Whooping cough can be deadly for infants, but 61 percent of adults don't know their vaccine status
Cases of pertussis, also known as whooping cough, are on the rise in the U.S., recently reaching their highest level in 50 years. The disease can be serious or even fatal to newborns who have not yet received vaccinations.
Effective vaccines against pertussis have been available for many decades, but that vaccine protection can wear off over time. A new University of Michigan poll shows that 61 percent of adults say they don't know when they were last vaccinated against pertussis, which could mean they might be unwittingly exposing vulnerable babies to the disease.
Only 20 percent of adults reported that they received the pertussis vaccine less than 10 years ago (the recommended time frame) and 19 percent said they were vaccinated more than 10 years ago.
"Pertussis is a very preventable disease," says Matthew M. Davis, M.D., M.A.P.P., director of the C.S. Mott Children's Hospital National Poll on Children's Health.
"But many adults may think their childhood vaccinations still are protecting them against pertussis. Findings from this poll show that few adults have received a booster shot within the recommended 10-year time frame and in fact, two-thirds told us they were not aware of their vaccination status."
Pertussis easily spreads within households, day care facilities, schools and neighborhoods and is most often serious in infants and young children. In fact, the majority of deaths from pertussis occur in children less than 3 months old.
The poll found, however, broad support for parents to insist their newborns aren't exposed to those who might not be current on their pertussis vaccine.
The majority of adults polled (72%) strongly agree or agree that parents have the right to insist that visitors receive the pertussis vaccine before visiting a newborn baby in the hospital. Nearly two-thirds (61%) of adults strongly agree or agree that parents should make sure all adults receive the pertussis vaccine before visiting a newborn baby at home.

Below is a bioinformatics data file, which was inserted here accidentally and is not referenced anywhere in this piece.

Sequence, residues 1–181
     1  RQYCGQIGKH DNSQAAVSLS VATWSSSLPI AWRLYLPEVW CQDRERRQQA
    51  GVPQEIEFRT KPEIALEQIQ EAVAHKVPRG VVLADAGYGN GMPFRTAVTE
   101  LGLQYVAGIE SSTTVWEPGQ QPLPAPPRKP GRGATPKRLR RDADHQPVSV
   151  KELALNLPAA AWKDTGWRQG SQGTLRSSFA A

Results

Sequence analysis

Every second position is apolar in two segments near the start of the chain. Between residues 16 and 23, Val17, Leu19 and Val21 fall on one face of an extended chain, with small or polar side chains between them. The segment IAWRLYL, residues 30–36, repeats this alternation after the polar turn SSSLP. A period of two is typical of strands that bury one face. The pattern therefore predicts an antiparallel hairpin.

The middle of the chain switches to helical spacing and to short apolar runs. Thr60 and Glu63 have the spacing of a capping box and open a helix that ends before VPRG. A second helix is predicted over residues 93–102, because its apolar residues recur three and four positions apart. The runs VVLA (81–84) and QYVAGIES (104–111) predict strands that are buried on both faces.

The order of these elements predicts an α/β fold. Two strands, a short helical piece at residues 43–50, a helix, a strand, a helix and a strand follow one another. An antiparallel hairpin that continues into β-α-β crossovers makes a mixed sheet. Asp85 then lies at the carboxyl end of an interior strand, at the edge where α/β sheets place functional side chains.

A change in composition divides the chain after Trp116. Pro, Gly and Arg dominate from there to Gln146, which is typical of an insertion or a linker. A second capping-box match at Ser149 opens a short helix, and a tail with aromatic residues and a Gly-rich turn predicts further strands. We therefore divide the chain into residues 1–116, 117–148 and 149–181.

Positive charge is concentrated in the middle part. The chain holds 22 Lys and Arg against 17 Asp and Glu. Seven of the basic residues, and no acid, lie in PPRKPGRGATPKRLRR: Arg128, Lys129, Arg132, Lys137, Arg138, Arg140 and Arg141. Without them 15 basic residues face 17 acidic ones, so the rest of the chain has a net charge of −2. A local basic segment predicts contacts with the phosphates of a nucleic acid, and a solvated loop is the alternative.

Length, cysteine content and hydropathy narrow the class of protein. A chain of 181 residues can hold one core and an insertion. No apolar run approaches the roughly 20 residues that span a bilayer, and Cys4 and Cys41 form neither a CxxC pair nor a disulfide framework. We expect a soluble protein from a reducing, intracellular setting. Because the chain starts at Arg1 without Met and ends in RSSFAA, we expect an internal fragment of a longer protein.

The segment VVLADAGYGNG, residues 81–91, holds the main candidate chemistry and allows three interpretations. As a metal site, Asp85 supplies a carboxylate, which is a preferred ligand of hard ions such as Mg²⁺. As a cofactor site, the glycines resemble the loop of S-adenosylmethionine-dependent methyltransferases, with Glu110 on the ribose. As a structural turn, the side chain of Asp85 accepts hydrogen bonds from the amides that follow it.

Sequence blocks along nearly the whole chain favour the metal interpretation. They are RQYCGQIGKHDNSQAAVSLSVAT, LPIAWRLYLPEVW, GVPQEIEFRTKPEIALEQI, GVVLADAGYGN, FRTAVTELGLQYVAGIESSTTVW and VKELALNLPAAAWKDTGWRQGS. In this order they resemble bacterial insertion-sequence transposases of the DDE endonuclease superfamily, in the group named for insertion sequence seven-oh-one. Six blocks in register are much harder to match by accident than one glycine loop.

Pertussis vaccines are recommended for teens and adults (known as the "Tdap" vaccine), including pregnant women. Boosting immunity against pertussis among teens and adults is especially important for protecting newborns against the disease. Most infants who fall sick with pertussis got the illness from an older child or adult with pertussis.
"Welcoming a baby to the family is a wonderful time, and no one would want to put an infant at risk. So the results of this poll are encouraging because they indicate some awareness that visitors need to be protected against this disease," Davis says.
"Teens and adults who have received the Tdap vaccine are less likely to get whooping cough themselves, and therefore less likely to spread whooping cough to other people—including infants who have not yet been protected by the recommended pertussis vaccinations."
Davis says he hopes the awareness among parents will increase the numbers of people seeking a booster vaccine.
"Expectant parents should have a conversation about pertussis vaccine with their family and close friends BEFORE the baby is born, to allow time for them to get their pertussis vaccine up to date," Davis says.
"If parents begin to take this approach, it may have a very positive impact decreasing the number of newborns who become severely ill or die as a result of pertussis."